Thank you to our guest blogger, Pat Cheek. This blog was originally posted on Quepolandia.com.
Walking along the malecón, sea wall, in Quepos you will notice large stone sculptures sitting atop pedestals. The sculptures were created in 2007, organized by the Ministry of Culture, Youth and Sports and sponsored by the Canton of Aguirre with the support of the Chamber of Commerce, Aguirre. Each sculpture was sponsored by a local business.
The project was designed to enhance the malecón, showcase Costa Rican Artists, and tell some of the history of Quepos. The sculptures were created in Quepos and are made from white limestone from Guanacaste; each piece weighing between 2 to 4 tons. Many people witnessed, step by step, the creation of these works in the area near the Quepos dock in November of 2007.
Each sculpture depicts a part of Quepos history beginning with how Quepos got its name. The Quepoa Indians are a part of the Borucas Indians who inhabited the area at the time of the conquest and are represented in the work of artist Fabio Brenes, from Cartago. “Indio Quepoa” (1) which was sponsored by Discoteca Arco Iris and local families.
“The Banana” (2) sponsored by Best Western Hotel Kamuk and created by Guilliermo Hernandez of Heredia tells the story of Quepos as a prominent port for the exporting of bananas. Disease destroyed the bananas and in their place African Palms, grown for their oil, became the major crop in the area. The oil, being much easier to transport, lead to the decline of Quepos as a major port.
Also inspired by the land comes the sculpture “The Farmer” (3) by Emilio Arguello of Heredia and sponsored by Mariposa Hotel and the Colegio los Delfines.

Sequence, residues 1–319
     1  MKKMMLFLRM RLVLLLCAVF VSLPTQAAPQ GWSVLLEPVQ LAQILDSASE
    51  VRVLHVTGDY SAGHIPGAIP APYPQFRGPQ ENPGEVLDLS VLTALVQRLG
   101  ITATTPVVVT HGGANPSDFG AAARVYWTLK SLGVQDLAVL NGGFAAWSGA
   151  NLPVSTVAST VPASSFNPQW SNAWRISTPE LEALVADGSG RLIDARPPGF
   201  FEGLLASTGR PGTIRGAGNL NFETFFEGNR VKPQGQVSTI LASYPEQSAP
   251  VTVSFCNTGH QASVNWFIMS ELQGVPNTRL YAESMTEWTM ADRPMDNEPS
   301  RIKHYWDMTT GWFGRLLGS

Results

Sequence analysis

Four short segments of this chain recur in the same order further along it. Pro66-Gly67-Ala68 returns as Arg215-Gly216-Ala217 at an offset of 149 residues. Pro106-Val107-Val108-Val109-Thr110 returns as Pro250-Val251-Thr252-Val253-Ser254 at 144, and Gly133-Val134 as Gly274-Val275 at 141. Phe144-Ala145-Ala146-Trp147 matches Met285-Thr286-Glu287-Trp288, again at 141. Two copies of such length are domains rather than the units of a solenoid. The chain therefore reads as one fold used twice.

“Our Emblem, the Mono Titi” (4) created by Susan Meono, of Alajuela as a reminder to protect the Mono Titi and preserve their habitat. This work was sponsored by Los Altos Hotel & Resort Manuel Antonio.
We then come to the influence the sea has and continues to play on the development of Quepos, with the creation of “La Marina” (photo not available) by Donald Mora Jimenez, a native of Mansion of Nicoya. This sculpture was sponsored by Marina Pez Vela.
The sculpture “Sport Fishing” (5) was sponsored by the Marlin Restaurant and created by Ana Ulate Herrera of Heredia. This piece highlights the very popular and record breaking sport fishing industry of the area.
The final sculpture dedicated to the ocean’s influence is “Commercial Fisheries” (6) commissioned by Latitude 9 and created by Rodolfo Varela of Ramon.
The last of the 8 sculptures is sponsored by the Municipality of Aguirre. “Sublime Flight” (7) created by sculptor Silvia Duran Piedra of Coronado. This work is dedicated to the Founders of Quepos.
We hope you enjoy your walk along the Malecón!
Our thanks to the Chamber of Commerce, Aguirre for providing the information and the pictures from the actually sculpting.
This post was originally published on Quepolandia.com, September 21, 2009.